In 1002, King Æthelred II (the Unready) took Emma, the daughter of Duke Richard I of Normandy, as his wife. His intention was to seal a treaty to ensure that Normandy would cease allowing Vikings to overwinter along the Normandy coast from where they preyed on England. The idea did not work. Æthelred ended up paying the Danes more and more money to ‘go away’ and eventually one Danish King, Cnut, ended up as King of England… married to Æthelred’s widow. Her son by Æthelred, in turn, became King of England in 1052. His name was Edward – later known as the Confessor. 

The Anglo-Saxon Chronicle makes much of one of the first (recorded) raids on the English coast by Vikings when it mentions: “…on the ides of June the harrying heathen destroyed God’s church on Lindisfarne by rapine and slaughter.” This was in 793, with Lindisfarne one of the holiest places outside of Rome. The attack was witnessed by a monk, Simon of Durham, “… laid everything waste with grievous plundering, trampled the holy places with polluted feet, dug up the altars and seized all the treasures of the holy church. They killed some of the brothers; some they took away with them in fetters; many they drove out, naked and loaded with insults; and some they drowned in the sea.”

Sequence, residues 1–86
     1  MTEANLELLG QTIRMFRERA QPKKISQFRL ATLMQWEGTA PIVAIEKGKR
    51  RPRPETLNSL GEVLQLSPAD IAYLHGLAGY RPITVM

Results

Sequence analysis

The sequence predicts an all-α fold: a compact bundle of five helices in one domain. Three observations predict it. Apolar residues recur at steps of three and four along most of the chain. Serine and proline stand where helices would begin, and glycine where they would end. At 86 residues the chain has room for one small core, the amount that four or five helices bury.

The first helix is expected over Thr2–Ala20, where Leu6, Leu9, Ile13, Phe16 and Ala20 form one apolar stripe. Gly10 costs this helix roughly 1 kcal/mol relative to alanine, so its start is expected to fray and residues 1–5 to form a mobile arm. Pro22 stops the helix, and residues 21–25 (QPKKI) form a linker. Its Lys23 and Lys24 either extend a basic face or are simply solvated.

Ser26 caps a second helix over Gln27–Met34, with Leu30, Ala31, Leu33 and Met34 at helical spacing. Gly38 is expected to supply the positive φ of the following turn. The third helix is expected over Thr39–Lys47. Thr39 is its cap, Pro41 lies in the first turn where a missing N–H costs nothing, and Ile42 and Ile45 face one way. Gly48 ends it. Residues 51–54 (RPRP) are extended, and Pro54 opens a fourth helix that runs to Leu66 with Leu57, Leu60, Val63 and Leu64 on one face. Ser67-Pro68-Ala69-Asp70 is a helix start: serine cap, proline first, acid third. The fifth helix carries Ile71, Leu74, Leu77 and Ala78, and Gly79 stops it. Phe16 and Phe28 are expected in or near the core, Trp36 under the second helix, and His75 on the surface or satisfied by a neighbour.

Whether using the term ‘raiding’ or ‘piracy’, the Vikings never intentionally aimed at desecrating the Christian God. Religion had nothing to do with it: a stockpile of gold and riches, virtually undefended, was the sole lure.

In 795, Iona, an island off the west coast of Scotland, was raided, then again in 802 and 806, the latter of which saw sixty-eight monks and laymen slaughtered. Ireland, Wales and the other islands of Scotland were also frequently raided. One of the Norse raiders who plundered the Hebrides was Svein Asleifarson. After his raiding on the islands, he sailed to Dublin, capturing two merchant ships en-route and relieving them of their cargo – fine quality broadcloth. Ah, now that was piracy!